Moreira focuses on the core of the problem: the platform’s profit model. Worldwide, there’s been a selective silence over persistent racism and misinformation on platforms. Defunding the actors and filing lawsuits against the platforms has been the strategy for Brazillian activists and civil society in 2020.

The machine that keeps misinformation profitable and funded was hit in 2020 by the creation of Sleeping Giants Brazil, an organization using only Twitter as a platform that worked to defund Bolsonaro’s most vocal media supporters such as Olavo de Carvalho, . De Carvalho had his online support account suspend based on the petition signed by some 570,000 Brazilians, and Jornal da Cidade, a conservative newspaper lost $70,000 USD in advertisements. . Sleeping Giants’s strategy, similar to its US counterpart, is calling out companies publicly via Twitter and connecting them to funding misinformation. At least 150 companies have pulled out resources from the websites and channels that Sleeping Giants Brazil has flagged.

We need to consider not only deplatforming, but defunding and de-monetizing harmful actors and make the platforms accountable for the space they hold for hate speech and misinformation online. This can be an effective complementary strategy that can accelerate the change needed for a safer and more equitable internet, and civil society can play a role.

We need to conduct robust research on the impact of content moderation decisions as they apply to government leaders. – Scott Hale, Director of Research

In general, social media platforms have ‘switching costs’. They are network technologies just like the original telephone. Unless people you want to call also have a telephone, it is somewhat worthless to you. As more people get telephones. your telephone becomes more valuable as you can now communicate with more people (economists refer to this as a ‘positive externality’).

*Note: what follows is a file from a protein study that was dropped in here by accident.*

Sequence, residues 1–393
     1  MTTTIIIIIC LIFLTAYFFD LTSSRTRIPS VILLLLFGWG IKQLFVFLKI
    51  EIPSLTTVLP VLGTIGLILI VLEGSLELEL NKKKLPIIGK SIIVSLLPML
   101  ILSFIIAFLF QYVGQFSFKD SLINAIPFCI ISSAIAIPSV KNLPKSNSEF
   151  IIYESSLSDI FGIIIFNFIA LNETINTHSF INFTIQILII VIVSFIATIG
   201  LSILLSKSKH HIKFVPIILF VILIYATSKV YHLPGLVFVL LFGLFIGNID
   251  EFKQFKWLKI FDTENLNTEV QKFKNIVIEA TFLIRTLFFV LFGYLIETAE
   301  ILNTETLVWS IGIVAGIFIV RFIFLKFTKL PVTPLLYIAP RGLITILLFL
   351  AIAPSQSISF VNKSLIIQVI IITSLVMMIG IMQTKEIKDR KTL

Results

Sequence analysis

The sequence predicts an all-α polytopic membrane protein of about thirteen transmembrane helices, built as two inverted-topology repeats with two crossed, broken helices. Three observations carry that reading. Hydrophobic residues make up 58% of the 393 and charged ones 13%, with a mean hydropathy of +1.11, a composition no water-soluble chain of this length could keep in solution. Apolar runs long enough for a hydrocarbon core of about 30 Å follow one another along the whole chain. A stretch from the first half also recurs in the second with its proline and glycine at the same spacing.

Removing a user from a dominant platform (so-called deplatforming) could be impactful because many users of that platform will not switch to another platform. The situation, of course, could be different for users whose sole or main reason to be on a platform was to connect with the user who has now been removed or in cases where a whole community is removed. Users with strong political, ideological, or other viewpoints may feel strongly enough to move to a new platform. Ultimately, we need more research on the effects of deplatforming and how these effects vary with the number of followers of the user deplatformed.

In general, we don’t know the effects of deplatforming someone like Trump, and we cannot study the counterfactual (what would have happened had he been banned earlier or not at all?).  No doubt this will be a subject of future research—researchers will be able to check how many of Trump’s followers decreased activity on Twitter following this event and/or stopped using Twitter all together. Those numbers, however, need to have some comparison or control group since users may stop using Twitter or reduce their activity for a wide variety of reasons. It could be simply by chance that some users reduced their activity at the same time Trump was banned. The timing near the end of his term also presents a challenge, as we might expect people to engage less with a lame-duck or ex-president’s tweets than at the start of presidential term.

From what we know of other deplatforming experiences, they seem to broadly work as intended. Rogers (2020) found no large migrations to Telegram after the deplatforming of certain internet celebrities. Writing in the New York Times, Jack Nicas reported visits to InfoWars declined after the initial media publicity waned following the removal of the site’s owner and content from YouTube and Facebook. Examining the 2015 ban of some subreddits, Chandrasekharan et al. (2017) found users who stayed reduced their use of hate speech although more users than expected discontinued use of the site.

None of these, however, is equivalent to the removal of an incumbent president. It will be import for researchers to study this incident and understand the extent to which users might migrate to less-visible platforms. It might be that this event also drives policy changes in how content moderation is performed.